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Child Adoption During a Natural Disaster

Not an Option During the Crisis


A child rests in an evacuation center after natural disaster in Japan.

Japan adoption not possible so soon after natural disaster.

Chris McGrath/Getty Images

Many people are impacted by the images seen through the media coverage of natural disasters. The December 2004 tsunami that hit South-East Asia, Hurricane Katrina of 2005, the January 2010 earthquake of Haiti, and the March 2011 triple natural disaster of Japan tug at the heartstrings of those wishing to help the youngest victims through child adoption.

It's during these times that adoption agencies are flooded with phone calls from people with good intentions wishing to adopt orphans. Many countries hit by a natural disaster like a tsunami or an earthquake put bans on foreign adoptions. Here are some reasons why:

  1. There are many people who use tragedy as an opportunity to steal children for child slavery, sex trade, or adoption for major profit. You have probably heard of different stories where people have been arrested for trying to remove children from areas hit by a disaster.

  2. Families have been separated. It may take several months to figure out which children are in need of homes and which children have extended family who are willing to parent them. Sometimes, children are dropped off at a shelter while their families assess the damage done to their homes. These children are not orphans.

  3. It's usually a better option to keep children with extended family, if possible. This again takes several months to sort out after a disaster.

  4. Agencies that would be in charge of adoption or kinship placement are busy at this time with providing aid to the suffering.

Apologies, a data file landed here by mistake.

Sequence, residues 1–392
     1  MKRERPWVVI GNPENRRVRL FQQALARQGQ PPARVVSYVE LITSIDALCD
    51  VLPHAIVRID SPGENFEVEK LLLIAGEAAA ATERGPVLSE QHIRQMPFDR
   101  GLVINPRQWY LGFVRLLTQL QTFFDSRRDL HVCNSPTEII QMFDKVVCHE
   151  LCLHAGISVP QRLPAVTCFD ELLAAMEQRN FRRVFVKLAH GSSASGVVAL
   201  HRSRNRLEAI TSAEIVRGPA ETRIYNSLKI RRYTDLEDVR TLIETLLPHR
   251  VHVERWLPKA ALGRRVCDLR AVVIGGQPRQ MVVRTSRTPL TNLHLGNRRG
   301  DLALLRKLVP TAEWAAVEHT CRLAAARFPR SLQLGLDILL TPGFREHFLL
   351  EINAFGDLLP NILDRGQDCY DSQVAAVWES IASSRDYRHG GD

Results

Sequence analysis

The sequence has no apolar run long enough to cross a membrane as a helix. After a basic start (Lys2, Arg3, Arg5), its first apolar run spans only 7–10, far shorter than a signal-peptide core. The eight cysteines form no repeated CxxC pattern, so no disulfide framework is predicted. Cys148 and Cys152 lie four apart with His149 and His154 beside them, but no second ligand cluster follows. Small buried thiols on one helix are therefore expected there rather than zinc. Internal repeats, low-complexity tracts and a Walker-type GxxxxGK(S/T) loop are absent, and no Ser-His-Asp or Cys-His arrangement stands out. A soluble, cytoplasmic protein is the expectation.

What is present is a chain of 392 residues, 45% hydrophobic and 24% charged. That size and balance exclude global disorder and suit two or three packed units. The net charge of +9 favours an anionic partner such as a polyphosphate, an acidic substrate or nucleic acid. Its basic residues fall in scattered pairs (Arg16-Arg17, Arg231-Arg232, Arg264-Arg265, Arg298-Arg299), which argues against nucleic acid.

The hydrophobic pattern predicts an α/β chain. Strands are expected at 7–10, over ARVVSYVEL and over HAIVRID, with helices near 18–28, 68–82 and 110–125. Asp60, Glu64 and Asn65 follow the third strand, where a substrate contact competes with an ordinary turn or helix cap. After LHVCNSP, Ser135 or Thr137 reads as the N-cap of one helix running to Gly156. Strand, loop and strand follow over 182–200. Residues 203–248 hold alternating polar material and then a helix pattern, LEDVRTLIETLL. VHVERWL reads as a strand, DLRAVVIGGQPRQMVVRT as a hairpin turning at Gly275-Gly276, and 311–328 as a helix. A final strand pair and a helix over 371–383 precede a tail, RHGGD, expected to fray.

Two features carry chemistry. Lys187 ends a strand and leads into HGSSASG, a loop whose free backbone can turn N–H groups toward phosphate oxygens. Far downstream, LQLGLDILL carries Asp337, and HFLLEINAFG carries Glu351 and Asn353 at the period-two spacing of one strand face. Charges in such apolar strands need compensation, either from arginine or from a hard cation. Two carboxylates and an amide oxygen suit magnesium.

5. Some countries affected by a natural disaster do not allow international adoption due to their religious beliefs. Other countries have strict adoption criteria, again the effort at the time of a crisis is placed on rebuilding and aid.

  6. It's important to follow adoption law and meet the requirements as outlined by the U.S. government and immigration law as well as for the child's birth country. A child would have to meet the U.S. definition of an orphan as well as the legal guidelines and requirements of the child's country of origin. During a time of natural disaster needed documentation required may be difficult to locate or has been permanently lost in flood waters or rubble.

  7. The children have lost their homes, families, friends, and schools - is it necessary to lose their culture, traditions, and country? The shock of a move to another country may be just another trauma for the children to endure so soon after a disaster.

  8. It may be emotionally healthy and healing for children to see their homeland recover from the destruction of a natural disaster. It may give the children closure to a tragic and traumatic time in their lives. They can not just be loved out of this loss.

In times of crisis we must consider the big picture and put the needs of children first. Consider these organizations and check out other ways to send help:

The above links are well known and safe bets for making donations. They are also usually very up to date on their information.

Learn more about Japan adoptions.

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